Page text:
Badger garbage disposals are known to be high-quality and relatively dependable. But what do you do when your Badger garbage disposal stops working? Should you call a plumber or try to troubleshoot yourself? We have researched the most common reasons why the garbage disposals may stop working and what to do in this situation.
If your Badger garbage disposal stops working, the best thing to do is first to check the power source. Power issues, jammed flywheels, and troubles with clogs and leaks are the most common reasons why the garbage disposal may fail to start. Next, it's best to check the components of the garbage disposal by opening it up to see where the source of the problem is. Sometimes the problem can be fixed easily, and other times it may require more troubleshooting.
If your garbage disposal stops working suddenly, it's best to turn the unit off and open it up. A broken garbage disposal can be a huge inconvenience, but it can signify a bigger issue in some cases. Continue reading to learn about the best ways to prevent Badger garbage disposal issues and how to troubleshoot them.
What to Do When Your Badger Garbage Disposal Won't Start
Older disposals are more prone to issues with electrical components, clogs, and backups. However, there are things that you can check to narrow down the source of the issue when the garbage disposal doesn't start. Let's take a look at them.
Check the power source
While it may seem obvious, the garbage disposal may not be turned on. If you don't hear a loud or low-volume humming sound coming from the unit when you flip the power switch, the unit may need a few repairs. First, check beneath the sink to make sure that the garbage disposal is actually plugged in.
Check the sink drain for clogs
If the garbage disposal isn't turning on, it could be clogged at the sink drain.
Common reasons for sink drain clogs include placing too much food in the disposal at once, hard items such as bones, glass, and hard plastic being tossed in the disposal, not running the water simultaneously, and not letting the disposal run long enough.
To check for this, first make sure that your garbage disposal is turned off.
Then don a thick workman's glove to protect your fingers. Next, place your hand down the drain, being careful not to swipe the disposal blades. Check for any hard items that may have got caught in the drain and remove them.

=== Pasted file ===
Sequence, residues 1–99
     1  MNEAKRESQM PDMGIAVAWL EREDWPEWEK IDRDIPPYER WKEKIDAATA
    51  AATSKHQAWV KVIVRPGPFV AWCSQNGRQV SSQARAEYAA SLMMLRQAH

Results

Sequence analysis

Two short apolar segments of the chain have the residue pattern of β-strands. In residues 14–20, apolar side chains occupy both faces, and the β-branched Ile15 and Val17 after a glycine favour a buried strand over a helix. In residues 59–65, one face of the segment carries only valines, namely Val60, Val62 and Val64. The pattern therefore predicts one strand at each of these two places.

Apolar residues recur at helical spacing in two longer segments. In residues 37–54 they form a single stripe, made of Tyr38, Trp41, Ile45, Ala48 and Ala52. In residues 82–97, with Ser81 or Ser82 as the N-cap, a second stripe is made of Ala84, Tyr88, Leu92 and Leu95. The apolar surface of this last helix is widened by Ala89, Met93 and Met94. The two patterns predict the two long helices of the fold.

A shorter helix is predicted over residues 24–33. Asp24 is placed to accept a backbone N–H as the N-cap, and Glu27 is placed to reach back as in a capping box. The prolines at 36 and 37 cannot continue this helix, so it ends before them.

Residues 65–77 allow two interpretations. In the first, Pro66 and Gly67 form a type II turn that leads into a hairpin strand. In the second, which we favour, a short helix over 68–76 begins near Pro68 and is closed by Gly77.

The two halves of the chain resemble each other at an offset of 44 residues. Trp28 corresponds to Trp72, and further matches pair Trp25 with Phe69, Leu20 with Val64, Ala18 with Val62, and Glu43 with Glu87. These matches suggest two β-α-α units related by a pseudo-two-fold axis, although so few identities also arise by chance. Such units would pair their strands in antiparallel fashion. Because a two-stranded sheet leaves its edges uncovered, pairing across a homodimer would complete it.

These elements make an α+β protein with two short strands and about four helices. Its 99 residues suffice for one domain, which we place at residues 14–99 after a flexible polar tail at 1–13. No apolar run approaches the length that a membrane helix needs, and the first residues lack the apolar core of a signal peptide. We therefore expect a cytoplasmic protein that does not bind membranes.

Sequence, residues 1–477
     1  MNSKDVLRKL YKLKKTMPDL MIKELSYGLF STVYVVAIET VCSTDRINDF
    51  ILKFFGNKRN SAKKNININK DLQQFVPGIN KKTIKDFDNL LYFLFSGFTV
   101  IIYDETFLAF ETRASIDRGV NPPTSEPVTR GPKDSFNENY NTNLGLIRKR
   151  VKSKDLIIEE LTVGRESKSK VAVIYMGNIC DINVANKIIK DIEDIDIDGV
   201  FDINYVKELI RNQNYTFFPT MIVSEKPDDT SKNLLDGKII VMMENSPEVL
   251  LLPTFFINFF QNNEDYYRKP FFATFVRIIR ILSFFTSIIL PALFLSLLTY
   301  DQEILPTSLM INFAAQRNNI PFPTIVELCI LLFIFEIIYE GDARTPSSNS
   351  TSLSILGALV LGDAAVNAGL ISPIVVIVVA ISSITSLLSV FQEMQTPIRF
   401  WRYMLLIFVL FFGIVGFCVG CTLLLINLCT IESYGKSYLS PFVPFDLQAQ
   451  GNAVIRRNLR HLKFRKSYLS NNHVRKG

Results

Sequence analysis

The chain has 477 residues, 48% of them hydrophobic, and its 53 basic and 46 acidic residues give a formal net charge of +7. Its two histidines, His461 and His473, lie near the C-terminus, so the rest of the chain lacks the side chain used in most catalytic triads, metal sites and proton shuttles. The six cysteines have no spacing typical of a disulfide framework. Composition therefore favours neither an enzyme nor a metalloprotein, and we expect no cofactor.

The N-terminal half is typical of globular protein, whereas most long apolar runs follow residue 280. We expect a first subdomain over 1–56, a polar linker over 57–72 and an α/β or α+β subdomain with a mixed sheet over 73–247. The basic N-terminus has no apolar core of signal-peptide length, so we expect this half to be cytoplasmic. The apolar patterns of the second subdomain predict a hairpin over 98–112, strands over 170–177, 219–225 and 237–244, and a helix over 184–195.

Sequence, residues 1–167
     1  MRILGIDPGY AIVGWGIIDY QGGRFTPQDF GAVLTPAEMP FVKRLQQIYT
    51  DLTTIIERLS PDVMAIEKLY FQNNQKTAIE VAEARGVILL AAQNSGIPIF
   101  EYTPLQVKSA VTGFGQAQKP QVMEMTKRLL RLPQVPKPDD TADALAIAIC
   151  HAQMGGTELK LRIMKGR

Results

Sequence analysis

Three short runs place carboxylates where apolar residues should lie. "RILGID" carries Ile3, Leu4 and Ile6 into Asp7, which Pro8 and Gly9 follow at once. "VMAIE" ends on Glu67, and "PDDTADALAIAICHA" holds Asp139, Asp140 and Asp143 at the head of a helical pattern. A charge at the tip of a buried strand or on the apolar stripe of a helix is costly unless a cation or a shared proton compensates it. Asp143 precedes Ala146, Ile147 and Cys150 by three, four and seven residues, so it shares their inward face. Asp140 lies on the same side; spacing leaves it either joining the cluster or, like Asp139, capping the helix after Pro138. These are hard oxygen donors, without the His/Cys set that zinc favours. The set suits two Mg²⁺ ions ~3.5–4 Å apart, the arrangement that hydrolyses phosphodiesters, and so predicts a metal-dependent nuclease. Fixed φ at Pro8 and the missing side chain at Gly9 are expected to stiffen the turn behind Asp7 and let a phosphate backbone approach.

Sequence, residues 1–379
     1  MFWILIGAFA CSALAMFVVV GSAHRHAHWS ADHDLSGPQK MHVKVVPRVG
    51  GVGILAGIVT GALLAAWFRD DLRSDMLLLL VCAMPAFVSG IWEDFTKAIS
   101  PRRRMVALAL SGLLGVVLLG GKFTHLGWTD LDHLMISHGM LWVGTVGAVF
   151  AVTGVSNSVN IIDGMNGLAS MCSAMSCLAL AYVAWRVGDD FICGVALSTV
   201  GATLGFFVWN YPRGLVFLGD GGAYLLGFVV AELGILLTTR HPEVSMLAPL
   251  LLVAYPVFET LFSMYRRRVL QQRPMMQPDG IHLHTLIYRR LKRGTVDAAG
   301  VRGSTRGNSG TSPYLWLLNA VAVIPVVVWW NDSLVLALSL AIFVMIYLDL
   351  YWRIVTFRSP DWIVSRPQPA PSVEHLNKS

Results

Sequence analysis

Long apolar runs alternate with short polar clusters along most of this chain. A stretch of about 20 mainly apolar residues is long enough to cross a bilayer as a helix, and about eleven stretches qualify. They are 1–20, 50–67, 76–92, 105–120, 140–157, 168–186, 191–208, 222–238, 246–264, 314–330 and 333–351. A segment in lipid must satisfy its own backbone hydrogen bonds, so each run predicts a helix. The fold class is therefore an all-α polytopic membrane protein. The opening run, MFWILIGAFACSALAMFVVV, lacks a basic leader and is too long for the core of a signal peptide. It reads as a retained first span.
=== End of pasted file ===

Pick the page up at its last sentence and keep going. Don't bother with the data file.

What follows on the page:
If you find anything, gently pull it out and toss it in the trash can. Next, try to run the disposal again while running the water at the same time.
Inspect the flywheel to see if it is jammed
Sometimes the issue could be with a flywheel that has become stuck. Oftentimes resetting the disposal can fix this issue, but in some scenarios, it may not. Fixing the jam in the flywheel can prevent the motor from burning out, so it's imperative to check this part immediately.
To do it, turn off the garbage disposal and then use a wrench to turn the flywheel. If the flywheel is jammed, you may need to rotate it a few times to loosen it up. Once it's free, it should be easier to rotate.
Next, inspect the flywheel for any type of food residue or other debris. Remove the debris to free the flywheel. After doing so, turn on the power to see if the disposal starts. Then, immediately turn on the faucet and let the water run for about 30 seconds.
This will help any remaining residue drain down the unit and out of the flywheel. If the flywheel becomes stuck again, repeat the steps to remove the clog-causing obstruction.
Check for leaking components
If there is a leak within the garbage disposal, it can also cause the unit to fail to turn on. To check for this problem, first switch off the garbage disposal. Next, check the mount and remove it from its base. After removing the mount, examine mounting bolts holding it in place.
This is the most common source of a leak. If you notice any water leaking from the bolts, chances are that they'll need to be tightened. You can use a screwdriver to tighten them.